Car sales in France plummet due to chip shortage
Car sales in France fell sharply in July compared to the same month last year. This is partly due to the worldwide chip shortage that the automobile sector is facing, reports the French trade association Plateforme Automobile.
In total, 115 713 new cars were registered last month, compared with 178 980 a year earlier. However, in the first seven months of 2021, 16% more cars were sold in France than in the same period last year. But crossing the two million mark of new cars sold over the year now appears very difficult.
Sales level of the 70s
In July, car sales in France were 32,81 % lower than in 2019 and 35,35% lower than in 2020. Again, it is a sign that the European car industry is not recovering as quickly from the corona crisis as in the United States and China. “We’re in a market that’s not picking up,” François Roudier, both the Automotive Platform (PFA) representing French manufactures (formerly the CCFA), told AFP.
Sales received an extra boost in July last year when dealer showrooms were allowed to open again. These had been closed for a while due to the measures taken to prevent the coronavirus from spreading.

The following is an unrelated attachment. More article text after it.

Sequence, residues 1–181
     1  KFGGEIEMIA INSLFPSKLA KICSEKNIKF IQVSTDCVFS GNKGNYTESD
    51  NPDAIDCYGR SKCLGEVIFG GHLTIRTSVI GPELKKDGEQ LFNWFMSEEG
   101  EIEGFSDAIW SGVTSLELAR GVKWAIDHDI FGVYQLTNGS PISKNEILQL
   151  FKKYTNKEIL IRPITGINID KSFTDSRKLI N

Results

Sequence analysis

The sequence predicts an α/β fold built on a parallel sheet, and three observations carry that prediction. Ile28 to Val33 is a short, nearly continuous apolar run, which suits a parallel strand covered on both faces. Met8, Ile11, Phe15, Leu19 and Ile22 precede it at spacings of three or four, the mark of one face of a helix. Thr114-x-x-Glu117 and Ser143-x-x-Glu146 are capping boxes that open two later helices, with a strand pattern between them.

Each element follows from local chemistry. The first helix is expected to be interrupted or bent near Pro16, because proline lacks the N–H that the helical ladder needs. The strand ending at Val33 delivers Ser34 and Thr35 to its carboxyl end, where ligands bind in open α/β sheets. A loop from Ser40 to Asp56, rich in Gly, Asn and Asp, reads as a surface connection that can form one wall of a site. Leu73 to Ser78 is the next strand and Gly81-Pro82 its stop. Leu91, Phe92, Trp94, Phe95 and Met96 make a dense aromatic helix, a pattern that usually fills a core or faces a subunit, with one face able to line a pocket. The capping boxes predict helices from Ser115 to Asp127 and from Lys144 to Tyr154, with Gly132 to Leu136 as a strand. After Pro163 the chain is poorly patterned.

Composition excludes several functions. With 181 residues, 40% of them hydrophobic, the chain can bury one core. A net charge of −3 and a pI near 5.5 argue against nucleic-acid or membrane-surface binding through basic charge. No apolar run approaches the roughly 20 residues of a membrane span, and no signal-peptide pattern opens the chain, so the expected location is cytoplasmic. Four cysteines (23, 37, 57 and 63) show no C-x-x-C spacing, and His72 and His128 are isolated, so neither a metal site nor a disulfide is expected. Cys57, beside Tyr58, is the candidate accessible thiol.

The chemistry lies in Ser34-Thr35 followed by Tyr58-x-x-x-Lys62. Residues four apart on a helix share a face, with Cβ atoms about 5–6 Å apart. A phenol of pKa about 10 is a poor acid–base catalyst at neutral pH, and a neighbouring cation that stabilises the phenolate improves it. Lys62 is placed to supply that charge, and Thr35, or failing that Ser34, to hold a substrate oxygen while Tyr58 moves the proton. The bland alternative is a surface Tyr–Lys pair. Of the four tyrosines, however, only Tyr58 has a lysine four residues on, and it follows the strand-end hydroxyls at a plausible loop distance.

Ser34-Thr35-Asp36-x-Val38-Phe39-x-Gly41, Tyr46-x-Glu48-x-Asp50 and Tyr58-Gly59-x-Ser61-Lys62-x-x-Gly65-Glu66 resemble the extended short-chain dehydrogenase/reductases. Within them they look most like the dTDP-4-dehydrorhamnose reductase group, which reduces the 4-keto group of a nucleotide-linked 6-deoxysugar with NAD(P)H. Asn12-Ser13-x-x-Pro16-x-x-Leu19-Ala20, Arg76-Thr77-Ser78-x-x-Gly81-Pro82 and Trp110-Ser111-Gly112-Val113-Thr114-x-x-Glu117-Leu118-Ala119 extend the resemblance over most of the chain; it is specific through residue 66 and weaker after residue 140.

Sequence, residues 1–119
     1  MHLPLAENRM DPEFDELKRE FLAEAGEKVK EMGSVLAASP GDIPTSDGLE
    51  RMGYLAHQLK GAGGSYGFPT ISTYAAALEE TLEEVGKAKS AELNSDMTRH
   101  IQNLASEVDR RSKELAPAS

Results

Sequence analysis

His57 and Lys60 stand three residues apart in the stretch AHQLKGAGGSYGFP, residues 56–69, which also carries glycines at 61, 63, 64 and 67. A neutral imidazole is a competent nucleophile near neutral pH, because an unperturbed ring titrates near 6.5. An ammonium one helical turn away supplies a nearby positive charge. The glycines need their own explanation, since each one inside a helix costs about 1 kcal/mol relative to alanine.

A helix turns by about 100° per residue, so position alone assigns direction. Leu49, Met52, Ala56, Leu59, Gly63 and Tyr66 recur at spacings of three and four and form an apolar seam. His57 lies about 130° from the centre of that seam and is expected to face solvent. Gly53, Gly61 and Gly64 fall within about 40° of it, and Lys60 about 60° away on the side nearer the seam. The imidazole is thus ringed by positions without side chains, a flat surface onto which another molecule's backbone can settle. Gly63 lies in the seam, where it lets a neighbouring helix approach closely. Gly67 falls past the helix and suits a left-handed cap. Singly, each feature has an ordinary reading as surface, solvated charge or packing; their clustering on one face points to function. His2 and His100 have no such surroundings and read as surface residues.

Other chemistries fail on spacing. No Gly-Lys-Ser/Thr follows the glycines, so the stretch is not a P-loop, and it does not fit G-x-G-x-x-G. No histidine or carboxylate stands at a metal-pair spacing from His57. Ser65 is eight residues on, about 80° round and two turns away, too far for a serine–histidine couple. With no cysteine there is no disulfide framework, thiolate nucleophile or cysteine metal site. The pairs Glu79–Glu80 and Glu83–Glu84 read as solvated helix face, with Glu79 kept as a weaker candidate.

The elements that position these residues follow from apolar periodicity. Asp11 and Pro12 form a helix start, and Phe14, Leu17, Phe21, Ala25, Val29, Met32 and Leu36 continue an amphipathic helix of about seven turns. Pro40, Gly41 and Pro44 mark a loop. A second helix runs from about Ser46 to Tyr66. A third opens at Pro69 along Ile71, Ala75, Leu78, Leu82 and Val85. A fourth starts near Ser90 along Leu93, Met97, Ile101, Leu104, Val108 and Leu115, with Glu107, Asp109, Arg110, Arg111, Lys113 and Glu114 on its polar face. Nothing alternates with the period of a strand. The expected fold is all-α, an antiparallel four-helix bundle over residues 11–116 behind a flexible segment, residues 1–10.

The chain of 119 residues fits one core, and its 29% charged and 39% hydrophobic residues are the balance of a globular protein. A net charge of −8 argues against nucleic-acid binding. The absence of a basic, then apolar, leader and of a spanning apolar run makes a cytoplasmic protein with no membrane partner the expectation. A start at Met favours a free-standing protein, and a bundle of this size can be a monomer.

The market remains morose
In addition, there are fewer new cars on the market because of the shortage of semiconductors. Renault expects to produce 200 000 fewer cars this year than it would like due to chip shortages. Stellantis, the company behind brands like Peugeot, Citroën, Opel, Fiat, and Chrysler, will provide insight into its performance over the past six months this Tuesday. The Italo-French-American group announced earlier that it is having difficulties delivering.
For the month of July, for example, Stellantis is down 39,57% compared to July 2019 with a sharp decline in its Alfa Romeo (-70,45%), Citroen (-48,24%), and Fiat (-50,57%) brands. The Renault group is down by 34%.
Foreign manufacturers are also down: the Volkswagen group by 27,47% and its compatriot BMW by 17,72%. However, Toyota (-12,94%) and Hyundai (-0,60%) show an increase over the first seven months of 2021 compared to 2019, of 1% and 4,66% respectively.
One in three sales is electric
Regulatory changes, such as the announced end of internal combustion engines, are also affecting consumer behavior. Despite the reduction in bonuses granted for the purchase of electrified models (from 2 000 to 1 000 euros on 1 July), this type of engine had continued to gain ground in recent months.
They accounted for almost one in three sales in the first half of the year, compared with 18% in 2020. Among purely electric models, the Tesla Model 3 remained the best-selling car in France in July for the fifth month in a row, ahead of the small Renault Zoé. It confirms the Model 3’s leading role all over Europe in June, as JATO Dynamics reported.